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Nessun Dorma View Drop Down
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Post Options Post Options   Thanks (0) Thanks(0)   Quote Nessun Dorma Quote  Post ReplyReply Direct Link To This Post Posted: 08 August 2013 at 10:06am
Robertswood has four hundred and twenty pupils, there are two classes per year group, which means, if you take out the thirty-plus nursery places, that makes an average of about twenty-seven pupils per class, hardly bursting at the seams. Then you also have to include Saint Joseph's and Gerrards Cross CofE. Also, don't forget, some of the new residents will be taking advantage of all of the private schools in the area. Saint Joseph's has three hundred and ffity eight, take out the twenty pre-school places and you are left with an average of about twenty-six per calss. So, our schools are hardly "bursting the seams."
 

Although I am not sure about the numbers at Gerrards Cross, I am led to believe that they are struggling to compete with all the private prep-schools in the area and are under threat, with falling intake.



Edited by Nessun Dorma - 08 August 2013 at 10:07am
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EmmaO View Drop Down
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Post Options Post Options   Thanks (0) Thanks(0)   Quote EmmaO Quote  Post ReplyReply Direct Link To This Post Posted: 08 August 2013 at 2:49pm
Well there are some spaces left at Robertswood and St Josephs for reception, the others inc. CSP Infants and CofE Gerrards Cross are over subscribed and have waiting lists (I know people on the waiting lists). The CofE Gerrards Cross has a waiting list every year. The max class size is 30 (I believe they can go up to 34 under certain circumstances legally) certainly for the first 3 years, so even if we take your rough estimates of class sizes of 27 doesn't leave a huge number of spaces in the village and certainly not enough for 200 houses with the current catchments, as someones else has said maybe they could be re-drawn. I'm really not anti the area being developed but I just want us all to have suitable local services, old residents and new!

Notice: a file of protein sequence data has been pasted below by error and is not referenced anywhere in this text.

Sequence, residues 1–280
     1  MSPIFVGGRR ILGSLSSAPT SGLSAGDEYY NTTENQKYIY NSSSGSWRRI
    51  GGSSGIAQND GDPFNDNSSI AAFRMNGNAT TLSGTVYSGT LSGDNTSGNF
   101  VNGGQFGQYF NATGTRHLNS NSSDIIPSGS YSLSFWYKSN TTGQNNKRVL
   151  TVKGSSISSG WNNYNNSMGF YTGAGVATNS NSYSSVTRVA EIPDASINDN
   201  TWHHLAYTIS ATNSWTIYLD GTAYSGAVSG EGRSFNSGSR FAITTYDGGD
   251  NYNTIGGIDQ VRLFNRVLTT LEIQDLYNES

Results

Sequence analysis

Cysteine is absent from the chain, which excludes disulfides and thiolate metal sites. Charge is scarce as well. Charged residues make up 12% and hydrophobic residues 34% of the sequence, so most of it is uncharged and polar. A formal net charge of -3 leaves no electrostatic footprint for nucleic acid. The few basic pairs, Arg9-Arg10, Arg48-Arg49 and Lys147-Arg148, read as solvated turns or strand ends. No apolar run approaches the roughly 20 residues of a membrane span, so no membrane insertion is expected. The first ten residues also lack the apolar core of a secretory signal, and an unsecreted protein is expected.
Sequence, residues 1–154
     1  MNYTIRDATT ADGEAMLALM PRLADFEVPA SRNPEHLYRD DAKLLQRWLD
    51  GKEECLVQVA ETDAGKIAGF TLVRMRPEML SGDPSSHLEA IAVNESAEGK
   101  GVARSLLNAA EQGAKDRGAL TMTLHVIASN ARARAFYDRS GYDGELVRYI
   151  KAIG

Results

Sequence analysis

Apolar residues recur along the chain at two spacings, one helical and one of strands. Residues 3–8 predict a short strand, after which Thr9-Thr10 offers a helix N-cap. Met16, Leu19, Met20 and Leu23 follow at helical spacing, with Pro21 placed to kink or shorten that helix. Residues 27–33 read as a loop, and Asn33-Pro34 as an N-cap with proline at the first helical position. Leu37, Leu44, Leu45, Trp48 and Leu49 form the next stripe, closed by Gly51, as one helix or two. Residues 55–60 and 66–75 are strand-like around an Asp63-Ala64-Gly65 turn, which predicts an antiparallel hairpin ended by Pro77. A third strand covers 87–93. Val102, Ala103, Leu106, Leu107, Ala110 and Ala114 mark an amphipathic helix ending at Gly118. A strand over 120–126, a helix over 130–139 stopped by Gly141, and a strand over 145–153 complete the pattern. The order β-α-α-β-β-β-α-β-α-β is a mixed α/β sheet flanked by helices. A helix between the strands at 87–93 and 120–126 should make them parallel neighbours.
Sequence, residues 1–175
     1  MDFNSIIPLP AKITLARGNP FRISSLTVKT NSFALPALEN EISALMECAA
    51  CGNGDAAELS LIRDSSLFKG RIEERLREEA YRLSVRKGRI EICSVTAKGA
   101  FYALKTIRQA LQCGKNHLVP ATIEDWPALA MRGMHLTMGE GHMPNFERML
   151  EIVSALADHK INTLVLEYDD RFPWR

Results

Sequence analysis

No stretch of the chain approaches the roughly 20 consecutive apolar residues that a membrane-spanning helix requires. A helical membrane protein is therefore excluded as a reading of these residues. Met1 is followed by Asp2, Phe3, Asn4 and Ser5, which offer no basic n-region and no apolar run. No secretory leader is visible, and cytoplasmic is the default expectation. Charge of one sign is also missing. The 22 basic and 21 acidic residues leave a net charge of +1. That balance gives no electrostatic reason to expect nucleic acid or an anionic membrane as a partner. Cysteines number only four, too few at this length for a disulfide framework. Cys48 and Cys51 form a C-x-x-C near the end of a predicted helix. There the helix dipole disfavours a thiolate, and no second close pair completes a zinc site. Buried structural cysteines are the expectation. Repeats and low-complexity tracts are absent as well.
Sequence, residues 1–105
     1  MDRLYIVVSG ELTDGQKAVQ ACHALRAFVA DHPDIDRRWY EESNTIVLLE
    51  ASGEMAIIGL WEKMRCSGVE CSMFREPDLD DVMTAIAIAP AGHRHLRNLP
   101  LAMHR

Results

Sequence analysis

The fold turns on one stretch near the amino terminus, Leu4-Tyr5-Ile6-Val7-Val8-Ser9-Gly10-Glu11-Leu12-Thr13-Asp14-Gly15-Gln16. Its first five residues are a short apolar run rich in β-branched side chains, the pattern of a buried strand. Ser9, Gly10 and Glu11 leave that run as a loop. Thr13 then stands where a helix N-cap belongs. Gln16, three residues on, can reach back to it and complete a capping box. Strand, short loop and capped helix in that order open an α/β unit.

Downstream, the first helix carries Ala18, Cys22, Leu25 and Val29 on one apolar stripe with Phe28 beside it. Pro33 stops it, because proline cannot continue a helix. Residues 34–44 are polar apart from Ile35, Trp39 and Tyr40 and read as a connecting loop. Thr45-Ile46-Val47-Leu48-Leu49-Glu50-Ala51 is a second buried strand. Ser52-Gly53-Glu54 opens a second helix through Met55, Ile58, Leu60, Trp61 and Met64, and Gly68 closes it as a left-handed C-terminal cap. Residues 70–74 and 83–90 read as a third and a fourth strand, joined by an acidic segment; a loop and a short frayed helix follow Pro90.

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Nessun Dorma View Drop Down
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Post Options Post Options   Thanks (0) Thanks(0)   Quote Nessun Dorma Quote  Post ReplyReply Direct Link To This Post Posted: 08 August 2013 at 3:31pm
I know for a fact that Gerrards Cross has fewer than four hundred pupils. Giving us an average of twenty-eight per class (capacity for key stage two being thirty-two). So, no there is not a waiting list, as such. Their admissions criteria means that they can hold back places, waiting for children who fit the desired profile of their admittance. If no one fits that desired profile, they open the admittance to the next step down. So, for example, they will open the intake to the principle criteria to seventy per cent (I have no idea whether that is the actual percentage), if there are not enough of them applying, they will cast their net wider. But they will wait untilt the last minute to decide to open the intake to wider applications.

Edited by Nessun Dorma - 08 August 2013 at 3:36pm
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EmmaO View Drop Down
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Post Options Post Options   Thanks (0) Thanks(0)   Quote EmmaO Quote  Post ReplyReply Direct Link To This Post Posted: 08 August 2013 at 4:10pm
Well fingers crossed you're right. I'll let you know after 30th August when they'll find out.....
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Nessun Dorma View Drop Down
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Post Options Post Options   Thanks (0) Thanks(0)   Quote Nessun Dorma Quote  Post ReplyReply Direct Link To This Post Posted: 08 August 2013 at 4:40pm
Well, I know, for last year's years two and three, they were so undersubscribed, they were panicking about their future. Perhaps, as a result of this, they have relaxed their admission criteria to accept non-CofE children.
 
ETA:
 
I almost forgot about Chalfont Saint Giles Junior and Jordans Infant Schools (if I had, I would have been in serious trouble Wink). For the last few years, they have also been severely undersubscribed; the last three year sixes, at Saint Giles, have been an average of twenty-four pupils per class and Jordans, which has a capacity for eighty-four, struggles to get fifty-five (a really nice school and perfect for children who would struggle in a bigger placement).


Edited by Nessun Dorma - 08 August 2013 at 4:56pm